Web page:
break

i. A maneuver ordered to a fighter to avoid being shot down. It consists of a maximum rate turn to destroy the hostile aircraft’s firing solution.
ii. To “peel off” from formation. The maneuver is normally ordered when the formation comes over the airfield for landing.
iii. The point at which a pilot senses a wing is stalling.
iv. When transmitted on radio, it indicates the separation in messages.
v. To discontinue aerial combat suddenly.
vi. To break a cloud; to make an appearance or come through a cloud.
vii. A break in a cloud; some clear space in otherwise covered sky.
viii. A fault in an electrical system.
Ambient air is drawn into the compressor, where it is pressurized—a theoretically isentropic process. The compressed air then runs through a combustion chamber, where fuel is burned, heating that air—a constant-pressure process, since the chamber is open to flow in and out. The heated, pressurized air then gives up its energy, expanding through the a turbine(s)—another theoretically isentropic process. Some of the work extracted by the turbine is used to drive the compressor.

Aviation dictionary. 2014.

Synonyms:

Look at other dictionaries:

  • Break — (br[=a]k), v. t. [imp. {broke} (br[=o]k), (Obs. {Brake}); p. p. {Broken} (br[=o] k n), (Obs. {Broke}); p. pr. & vb. n. {Breaking}.] [OE. breken, AS. brecan; akin to OS. brekan, D. breken, OHG. brehhan, G. brechen, Icel. braka to creak, Sw. braka …   The Collaborative International Dictionary of English

  • Break — (br[=a]k), v. i. 1. To come apart or divide into two or more pieces, usually with suddenness and violence; to part; to burst asunder. [1913 Webster] 2. To open spontaneously, or by pressure from within, as a bubble, a tumor, a seed vessel, a bag …   The Collaborative International Dictionary of English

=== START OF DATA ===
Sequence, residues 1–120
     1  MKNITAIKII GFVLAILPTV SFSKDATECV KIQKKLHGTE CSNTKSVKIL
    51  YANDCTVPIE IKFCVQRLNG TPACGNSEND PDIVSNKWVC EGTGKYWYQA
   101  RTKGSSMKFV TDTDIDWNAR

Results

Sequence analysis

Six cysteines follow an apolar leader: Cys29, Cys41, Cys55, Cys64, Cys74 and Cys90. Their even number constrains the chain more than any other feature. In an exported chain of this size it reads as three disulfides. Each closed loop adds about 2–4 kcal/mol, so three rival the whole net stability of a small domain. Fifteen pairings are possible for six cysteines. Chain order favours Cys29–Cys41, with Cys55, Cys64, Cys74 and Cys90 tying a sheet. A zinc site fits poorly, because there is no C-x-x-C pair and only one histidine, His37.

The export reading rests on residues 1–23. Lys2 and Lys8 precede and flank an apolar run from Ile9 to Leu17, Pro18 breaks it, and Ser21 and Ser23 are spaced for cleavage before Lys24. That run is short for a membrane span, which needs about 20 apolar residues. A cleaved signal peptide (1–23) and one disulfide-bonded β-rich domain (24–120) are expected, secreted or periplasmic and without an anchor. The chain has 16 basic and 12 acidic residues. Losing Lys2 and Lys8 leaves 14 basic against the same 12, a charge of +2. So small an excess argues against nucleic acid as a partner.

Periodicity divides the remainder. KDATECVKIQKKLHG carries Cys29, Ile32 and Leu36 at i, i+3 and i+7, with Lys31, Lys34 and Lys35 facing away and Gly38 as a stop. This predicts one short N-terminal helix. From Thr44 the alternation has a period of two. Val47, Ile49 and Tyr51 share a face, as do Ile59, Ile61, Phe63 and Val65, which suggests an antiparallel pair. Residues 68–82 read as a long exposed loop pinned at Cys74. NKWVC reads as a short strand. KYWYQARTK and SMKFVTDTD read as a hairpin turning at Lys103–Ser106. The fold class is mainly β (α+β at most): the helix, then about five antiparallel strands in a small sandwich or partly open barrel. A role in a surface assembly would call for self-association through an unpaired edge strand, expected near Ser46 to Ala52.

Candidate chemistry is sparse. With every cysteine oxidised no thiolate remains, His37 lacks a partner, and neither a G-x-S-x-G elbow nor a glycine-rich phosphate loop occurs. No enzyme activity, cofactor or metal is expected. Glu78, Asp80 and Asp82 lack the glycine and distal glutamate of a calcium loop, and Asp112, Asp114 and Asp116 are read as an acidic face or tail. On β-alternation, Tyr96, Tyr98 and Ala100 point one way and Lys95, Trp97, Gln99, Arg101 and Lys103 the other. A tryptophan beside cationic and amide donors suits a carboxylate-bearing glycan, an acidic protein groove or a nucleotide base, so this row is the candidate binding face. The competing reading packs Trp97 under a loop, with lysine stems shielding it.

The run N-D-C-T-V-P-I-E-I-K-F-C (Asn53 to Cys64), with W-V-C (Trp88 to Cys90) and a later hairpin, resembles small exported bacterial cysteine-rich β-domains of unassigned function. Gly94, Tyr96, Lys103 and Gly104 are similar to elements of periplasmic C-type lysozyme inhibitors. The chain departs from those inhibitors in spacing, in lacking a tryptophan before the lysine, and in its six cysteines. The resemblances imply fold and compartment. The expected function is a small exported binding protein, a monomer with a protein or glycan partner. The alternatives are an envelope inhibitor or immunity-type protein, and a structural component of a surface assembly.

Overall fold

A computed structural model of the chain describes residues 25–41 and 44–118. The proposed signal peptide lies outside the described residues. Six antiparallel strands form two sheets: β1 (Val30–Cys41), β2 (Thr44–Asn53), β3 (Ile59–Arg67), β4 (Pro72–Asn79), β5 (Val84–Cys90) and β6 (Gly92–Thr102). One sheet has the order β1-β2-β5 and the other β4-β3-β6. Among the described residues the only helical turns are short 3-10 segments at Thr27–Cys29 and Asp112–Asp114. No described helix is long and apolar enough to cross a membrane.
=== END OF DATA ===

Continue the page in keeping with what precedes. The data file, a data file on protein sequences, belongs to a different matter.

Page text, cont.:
• break — vb Break, crack, burst, bust, snap, shatter, shiver are comparable as general terms meaning fundamentally to come apart or cause to come apart. Break basically implies the operation of a stress or strain that will cause a rupture, a fracture, a… …   New Dictionary of Synonyms

  • break — ► VERB (past broke; past part. broken) 1) separate into pieces as a result of a blow, shock, or strain. 2) make or become inoperative; stop working. 3) interrupt (a continuity, sequence, or course). 4) fail to observe (a law, regulation, or… …   English terms dictionary

  • break — [brāk] vt. broke, broken, breaking [ME breken < OE brecan < IE base * bhreg > BREACH, BREECH, Ger brechen, L frangere] 1. to cause to come apart by force; split or crack sharply into pieces; smash; burst 2. a) …   English World dictionary

  • break — / brāk/ vb broke / brōk/, bro·ken, / brō kən/, break·ing, / brā kiŋ/ vt 1 a: violate transgress break the law …   Law dictionary

  • break — [n1] fissure, opening breach, cleft, crack, discontinuity, disjunction, division, fracture, gap, gash, hole, rent, rift, rupture, schism, split, tear; concepts 230,757 Ant. association, attachment, binding, combination, fastening, juncture break… …   New thesaurus

  • Break — (br[=a]k), n. [See {Break}, v. t., and cf. {Brake} (the instrument), {Breach}, {Brack} a crack.] 1. An opening made by fracture or disruption. [1913 Webster] 2. An interruption of continuity; change of direction; as, a break in a wall; a break in …   The Collaborative International Dictionary of English

  • break-up — break ups also breakup 1) N COUNT: usu N of n, n N The break up of a marriage, relationship, or association is the act of it finishing or coming to an end because the people involved decide that it is not working successfully. Since the break up… …   English dictionary

  • break up — {v.} 1. To break into pieces. * /The workmen broke up the pavement to dig up the pipes under it./ * /River ice breaks up in the spring./ 2. {informal} To lose or destroy spirit or self control. Usually used in the passive. * /Mrs. Lawrence was… …   Dictionary of American idioms

  • break up — {v.} 1. To break into pieces. * /The workmen broke up the pavement to dig up the pipes under it./ * /River ice breaks up in the spring./ 2. {informal} To lose or destroy spirit or self control. Usually used in the passive. * /Mrs. Lawrence was… …   Dictionary of American idioms

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